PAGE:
Against my better judgment, I left the house with barely a cup of water and some essential meds in my belly. I hadn't had anything in my stomach (henceforth, the "Mini-Fridge") in 12 hours. That's not good.
I figured I could make it to work before needing a protein shake. Hell, I'd lounged around for over an hour before eating on other mornings. Surely this wouldn't affect me.
Oh, it did.
I got on a crowded bus this morning, even though an empty one was right behind it. I wanted to get to work early on my first day, packed bus be damned. I was doing all right for awhile, standing in the aisle, bothered only by the unnecessary closeness of the guy behind me.
Then I got that spotty sparkly feeling that I get just before I pass out. I remember thinking, "Okay, I should probably ask someone for a seat. Nah, I'll just concentrate really hard on not passing out." Instead of concentrating, I ended up having a pleasant dream about singing the song Breathe from the hit musical In the Heights.
I came to, a blurry vision of my purple coat lapels splayed before me, a woman's voice, hands unbuttoning my coat and untying my scarf. A guy said, very sweetly, that I could have his seat. People in the front of the bus told the driver I was awake; the bus had been stopped on the shoulder of Lake Shore Drive, and once my safety was confirmed, he slowly merged back into traffic. "Are you diabetic?" No - just low blood sugar. "Are you okay?" Yeah, I just need to breathe. I breathed, shallow panting. I realized a woman's foot was stuck under my ass, and she was kind enough not to say anything about it or attempt to move it out from under me. After some breathing, I crawled into a seat.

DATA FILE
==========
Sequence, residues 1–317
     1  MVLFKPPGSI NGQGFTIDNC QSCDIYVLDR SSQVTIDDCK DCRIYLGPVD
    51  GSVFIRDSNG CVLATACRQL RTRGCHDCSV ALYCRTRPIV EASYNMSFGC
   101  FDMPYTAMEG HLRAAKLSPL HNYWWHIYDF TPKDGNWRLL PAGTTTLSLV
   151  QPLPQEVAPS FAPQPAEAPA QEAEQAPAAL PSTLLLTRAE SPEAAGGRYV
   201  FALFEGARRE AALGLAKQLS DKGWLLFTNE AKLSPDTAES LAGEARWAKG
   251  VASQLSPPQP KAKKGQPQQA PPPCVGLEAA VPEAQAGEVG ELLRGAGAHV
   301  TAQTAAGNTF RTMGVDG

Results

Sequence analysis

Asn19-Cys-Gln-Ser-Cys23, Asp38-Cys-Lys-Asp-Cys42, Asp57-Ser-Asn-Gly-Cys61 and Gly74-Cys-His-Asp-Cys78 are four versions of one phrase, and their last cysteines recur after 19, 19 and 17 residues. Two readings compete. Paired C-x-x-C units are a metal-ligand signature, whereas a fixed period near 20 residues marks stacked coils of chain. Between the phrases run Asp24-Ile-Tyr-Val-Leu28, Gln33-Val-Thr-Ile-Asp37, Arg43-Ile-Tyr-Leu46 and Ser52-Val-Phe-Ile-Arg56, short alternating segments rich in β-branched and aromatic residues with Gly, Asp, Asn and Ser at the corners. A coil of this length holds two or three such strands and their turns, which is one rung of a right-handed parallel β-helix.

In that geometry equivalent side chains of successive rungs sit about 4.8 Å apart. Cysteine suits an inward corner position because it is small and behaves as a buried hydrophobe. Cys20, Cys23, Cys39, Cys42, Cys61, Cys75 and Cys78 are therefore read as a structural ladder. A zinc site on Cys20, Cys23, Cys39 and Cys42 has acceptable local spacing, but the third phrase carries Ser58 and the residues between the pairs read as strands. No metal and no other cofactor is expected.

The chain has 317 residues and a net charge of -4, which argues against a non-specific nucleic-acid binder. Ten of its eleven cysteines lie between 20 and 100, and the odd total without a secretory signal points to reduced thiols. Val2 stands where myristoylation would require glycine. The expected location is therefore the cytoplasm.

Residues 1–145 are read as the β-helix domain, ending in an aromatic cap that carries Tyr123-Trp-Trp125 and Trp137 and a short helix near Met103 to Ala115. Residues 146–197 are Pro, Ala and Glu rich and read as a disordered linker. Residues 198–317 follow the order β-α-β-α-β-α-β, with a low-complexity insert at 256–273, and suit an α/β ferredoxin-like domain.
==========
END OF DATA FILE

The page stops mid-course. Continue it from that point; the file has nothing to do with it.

We reached my stop a few minutes later, and the same nice lady that helped me asked me again if I was all right. I told her I was, thanks so much. I was still too shaky to feel embarrassed yet. I hustled the block to my office, and thankfully an empty elevator was open to rocket me to the 25th floor. I went straight to the bathroom and continued to shiver, sweat and shake. By this point, my shirt and sweater was drenched with sweat, and my long hair was soaked through.
It took all my strength to get my phone and call my friend/coworker Lyzz. She saw me come in, and asked me where I was. I told her, and asked if she could bring me some milk. She did, and she brought KH, one of the nurses who works in our office. KH was very nice, asked Lyzz to bring some sugar packets dissolved in a little water. I slowly downed the milk and sugar and began to feel better. KH took my pulse and blood pressure, and after a half hour or so, I felt good enough to get to my desk and deal with emails.
I learned my first post-op lesson: Always eat something FIRST thing in the morning! It's not worth spending the day wondering how many fellow commuters you crashed into on the way down to a dirty bus floor.
So there's that,